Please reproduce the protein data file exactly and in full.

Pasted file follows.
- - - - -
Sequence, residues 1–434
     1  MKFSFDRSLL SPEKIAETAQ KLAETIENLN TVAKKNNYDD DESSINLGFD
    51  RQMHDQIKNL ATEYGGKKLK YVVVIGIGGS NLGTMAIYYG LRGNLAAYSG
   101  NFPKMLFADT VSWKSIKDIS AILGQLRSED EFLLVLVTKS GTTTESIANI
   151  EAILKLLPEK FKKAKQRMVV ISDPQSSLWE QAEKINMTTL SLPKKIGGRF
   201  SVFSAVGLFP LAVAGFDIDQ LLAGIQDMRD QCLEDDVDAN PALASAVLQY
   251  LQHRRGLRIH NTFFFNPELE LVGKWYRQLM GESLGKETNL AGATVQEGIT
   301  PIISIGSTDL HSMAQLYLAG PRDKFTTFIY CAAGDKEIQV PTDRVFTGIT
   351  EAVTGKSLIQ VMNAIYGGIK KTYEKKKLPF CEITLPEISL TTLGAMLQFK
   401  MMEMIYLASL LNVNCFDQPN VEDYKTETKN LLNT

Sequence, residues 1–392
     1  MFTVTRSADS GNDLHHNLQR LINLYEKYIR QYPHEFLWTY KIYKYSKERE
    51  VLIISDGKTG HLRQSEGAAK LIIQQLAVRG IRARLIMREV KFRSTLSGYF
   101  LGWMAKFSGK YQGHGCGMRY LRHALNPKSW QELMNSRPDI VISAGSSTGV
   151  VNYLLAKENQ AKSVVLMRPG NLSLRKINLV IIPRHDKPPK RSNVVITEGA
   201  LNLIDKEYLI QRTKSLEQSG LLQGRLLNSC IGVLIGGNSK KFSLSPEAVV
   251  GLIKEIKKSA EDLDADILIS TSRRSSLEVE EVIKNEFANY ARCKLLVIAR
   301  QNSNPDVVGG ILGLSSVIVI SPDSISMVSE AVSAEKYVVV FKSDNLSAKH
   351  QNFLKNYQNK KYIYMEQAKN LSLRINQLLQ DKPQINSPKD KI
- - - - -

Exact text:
Sequence, residues 1–434
     1  MKFSFDRSLL SPEKIAETAQ KLAETIENLN TVAKKNNYDD DESSINLGFD
    51  RQMHDQIKNL ATEYGGKKLK YVVVIGIGGS NLGTMAIYYG LRGNLAAYSG
   101  NFPKMLFADT VSWKSIKDIS AILGQLRSED EFLLVLVTKS GTTTESIANI
   151  EAILKLLPEK FKKAKQRMVV ISDPQSSLWE QAEKINMTTL SLPKKIGGRF
   201  SVFSAVGLFP LAVAGFDIDQ LLAGIQDMRD QCLEDDVDAN PALASAVLQY
   251  LQHRRGLRIH NTFFFNPELE LVGKWYRQLM GESLGKETNL AGATVQEGIT
   301  PIISIGSTDL HSMAQLYLAG PRDKFTTFIY CAAGDKEIQV PTDRVFTGIT
   351  EAVTGKSLIQ VMNAIYGGIK KTYEKKKLPF CEITLPEISL TTLGAMLQFK
   401  MMEMIYLASL LNVNCFDQPN VEDYKTETKN LLNT

Sequence, residues 1–392
     1  MFTVTRSADS GNDLHHNLQR LINLYEKYIR QYPHEFLWTY KIYKYSKERE
    51  VLIISDGKTG HLRQSEGAAK LIIQQLAVRG IRARLIMREV KFRSTLSGYF
   101  LGWMAKFSGK YQGHGCGMRY LRHALNPKSW QELMNSRPDI VISAGSSTGV
   151  VNYLLAKENQ AKSVVLMRPG NLSLRKINLV IIPRHDKPPK RSNVVITEGA
   201  LNLIDKEYLI QRTKSLEQSG LLQGRLLNSC IGVLIGGNSK KFSLSPEAVV
   251  GLIKEIKKSA EDLDADILIS TSRRSSLEVE EVIKNEFANY ARCKLLVIAR
   301  QNSNPDVVGG ILGLSSVIVI SPDSISMVSE AVSAEKYVVV FKSDNLSAKH
   351  QNFLKNYQNK KYIYMEQAKN LSLRINQLLQ DKPQINSPKD KI